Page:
N/A


    Was this a book you wanted to listen to all in one sitting?

    Yes, and pretty much did.


    Any additional comments?

    All sorts of things I should have known, and some things I suspected. For instance, I have always been curious how ancient Rome fed all those legions and construction workers. And the population of Rome dropped about 90% in a very short period of time at the end. Now I might know why. Specifically, the state apparatus that confiscated all that needed food was enfebled and the residents had to go out and grow their own food. Or something. Anyway, at least in Gaul, the country people became better fed.

    A LOT better fed. Skeletal autopsies and isotopic studies show this. Apparently the country people got bigger and several inches taller. The glory of rome was built on near starvation rations left over for those who provided the food. So now we might more appreciate the various rebellions.What we lost during 'the dark ages' was a vast aristocracy with leasure time to contemplate Plato and write histories of Roman Glory.

    7 of 10 people found this review helpful
  • The Templars and the Shroud of Christ

    • UNABRIDGED (8 hrs)
    • By Barbara Frale
    • Narrated By Susan Larkin
    Overall
    (4)
    Performance
    (2)
    Story
    (2)

    The Templars and the Shroud of Christ is the second book in this series by Vatican historian, Barbara Frale. The Knights Templar - the most powerful religious-military order of the Middle Ages - almost certainly looked after the mysterious shroud that is now kept in Turin. Worshipped in a relentlessly secret manner, and known in its intimate nature by only a handful of the order’s officials, the swathe of fabric was kept in the central treasury of the Knights Templar, who were known for their expertise in the field of relics.

    David says: "This is one ditzy broad."
    "This is one ditzy broad."
    Overall
    Performance
    Story
    What would have made The Templars and the Shroud of Christ better?

    Someone who knew more about the shroud then I do.


    Would you ever listen to anything by Barbara Frale again?

    For comedy effect only.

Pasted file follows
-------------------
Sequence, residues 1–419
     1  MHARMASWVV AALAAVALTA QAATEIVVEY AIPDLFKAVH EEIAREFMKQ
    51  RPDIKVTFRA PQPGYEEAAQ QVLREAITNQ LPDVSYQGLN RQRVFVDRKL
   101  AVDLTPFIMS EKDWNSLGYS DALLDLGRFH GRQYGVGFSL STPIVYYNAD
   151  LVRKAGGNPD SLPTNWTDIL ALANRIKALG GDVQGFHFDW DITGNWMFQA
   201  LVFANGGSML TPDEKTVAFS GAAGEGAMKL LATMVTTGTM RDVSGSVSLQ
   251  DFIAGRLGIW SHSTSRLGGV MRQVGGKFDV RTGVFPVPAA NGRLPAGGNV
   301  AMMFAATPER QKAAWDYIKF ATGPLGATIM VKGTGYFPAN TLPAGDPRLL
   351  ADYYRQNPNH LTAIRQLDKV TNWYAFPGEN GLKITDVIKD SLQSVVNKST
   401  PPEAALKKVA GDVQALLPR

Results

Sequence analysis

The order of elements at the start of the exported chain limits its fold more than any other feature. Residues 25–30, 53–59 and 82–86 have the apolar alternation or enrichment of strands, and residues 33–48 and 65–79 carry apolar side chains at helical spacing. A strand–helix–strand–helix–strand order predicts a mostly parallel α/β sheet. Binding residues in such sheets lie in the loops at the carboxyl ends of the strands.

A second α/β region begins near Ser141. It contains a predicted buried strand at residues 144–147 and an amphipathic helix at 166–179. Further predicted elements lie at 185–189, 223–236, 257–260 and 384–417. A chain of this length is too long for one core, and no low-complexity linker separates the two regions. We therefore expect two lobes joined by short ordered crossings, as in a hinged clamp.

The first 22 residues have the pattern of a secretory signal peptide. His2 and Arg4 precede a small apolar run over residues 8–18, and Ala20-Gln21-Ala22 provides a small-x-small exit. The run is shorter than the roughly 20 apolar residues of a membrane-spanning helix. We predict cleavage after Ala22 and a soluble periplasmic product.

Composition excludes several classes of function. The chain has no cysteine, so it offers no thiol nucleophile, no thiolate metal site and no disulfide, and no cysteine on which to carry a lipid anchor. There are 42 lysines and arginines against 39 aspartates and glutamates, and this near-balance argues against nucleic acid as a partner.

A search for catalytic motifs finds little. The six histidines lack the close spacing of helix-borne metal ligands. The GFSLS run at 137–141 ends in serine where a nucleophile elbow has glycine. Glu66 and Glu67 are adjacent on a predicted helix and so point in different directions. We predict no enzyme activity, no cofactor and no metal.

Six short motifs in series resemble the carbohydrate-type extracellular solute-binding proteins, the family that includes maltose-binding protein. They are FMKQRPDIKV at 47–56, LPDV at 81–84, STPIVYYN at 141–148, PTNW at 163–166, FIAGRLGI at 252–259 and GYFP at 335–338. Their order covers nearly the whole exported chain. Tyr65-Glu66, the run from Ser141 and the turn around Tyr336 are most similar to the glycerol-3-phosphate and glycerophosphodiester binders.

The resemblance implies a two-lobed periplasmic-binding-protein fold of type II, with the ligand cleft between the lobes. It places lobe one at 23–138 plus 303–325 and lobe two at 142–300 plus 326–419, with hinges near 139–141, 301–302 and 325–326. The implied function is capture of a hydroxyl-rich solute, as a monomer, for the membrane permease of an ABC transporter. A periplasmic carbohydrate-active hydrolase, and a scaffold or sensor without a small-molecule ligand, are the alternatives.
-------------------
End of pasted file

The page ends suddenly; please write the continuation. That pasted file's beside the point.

What do you think the narrator could have done better?

    Not all that bad so no comment


    If you could play editor, what scene or scenes would you have cut from The Templars and the Shroud of Christ?

    Rewrite the entire C-14 presentation.


    Any additional comments?

    I am convinced the shroud is first century and is forensically exactly as biblically described. Further, pollen and microscopic mineral annalysis shows Springtime in Jerusalem.

    I also suspect, as does the aurhor, it is the exact same article well documented as the Mandylion of Constantinople and was plundered during the sack of that city by disgruntled Tenplars on failed crusade.

    If you are orherwise well versed in this matter there is good reason to subject yourself to this weird presentation. Some good stuff on the Templar persecution trials and other tid bits. But know the C-14 was a royal botch job right up their with Piltdown Man. This woman is clueless on the issue.

    0 of 0 people found this review helpful
  • The Guns of August

    • UNABRIDGED (19 hrs and 2 mins)
    • By Barbara W. Tuchman
    • Narrated By John Lee
    • Whispersync for Voice-ready
    Overall
    (566)
    Performance
    (494)
    Story
    (499)

    Historian and Pulitzer Prize-winning author Barbara Tuchman here brought to life again the people and events that led up to World War I. With attention to fascinating detail, and an intense knowledge of her subject and its characters, Ms. Tuchman reveals, for the first time, just how the war started, why, and why it could have been stopped but wasn't. A classic historical survey of a time and a people we all need to know more about, The Guns of August will not be forgotten.

    Chrissie says: "Pay attention!"
    "Guns of August v A World Undone"
    Overall
    Performance
    Story
    What could have made this a 4 or 5-star listening experience for you?

    Nothing at all. It is flat out tripe.


    Would you ever listen to anything by Barbara W. Tuchman again?

    Yes. Simply to find out if she is consistently this obtuse.


    Have you listened to any of John Lee’s other performances before? How does this one compare?

    No


    You didn’t love this book... but did it have any redeeming qualities?

    Very Very Very few.


    Any additional comments?

    Guns of August v A World Undone

    I recommend you listen to both of these in the order I present them to fully appreciate the contrast. My first listen was A World Undone and though I am not a military afficianato it was so compelling I found myself pouring through battlefield maps. And even ordered another audio book "The Sultans" which I give two thumbs up.

    Undone is so easy, so simple, so comprehensive and concise on the entire war that I was appalled with my listen to Guns of August. Putting asside guns covers only the first six weeks of the War, it rises to little more then a thrilling costume drama. And in my opinion a dime store costume drama at that.

    Her discussion of mobilization is an actual travesty and more then likely has adversely effected entire generations of readers.

    0 of 1 people found this review helpful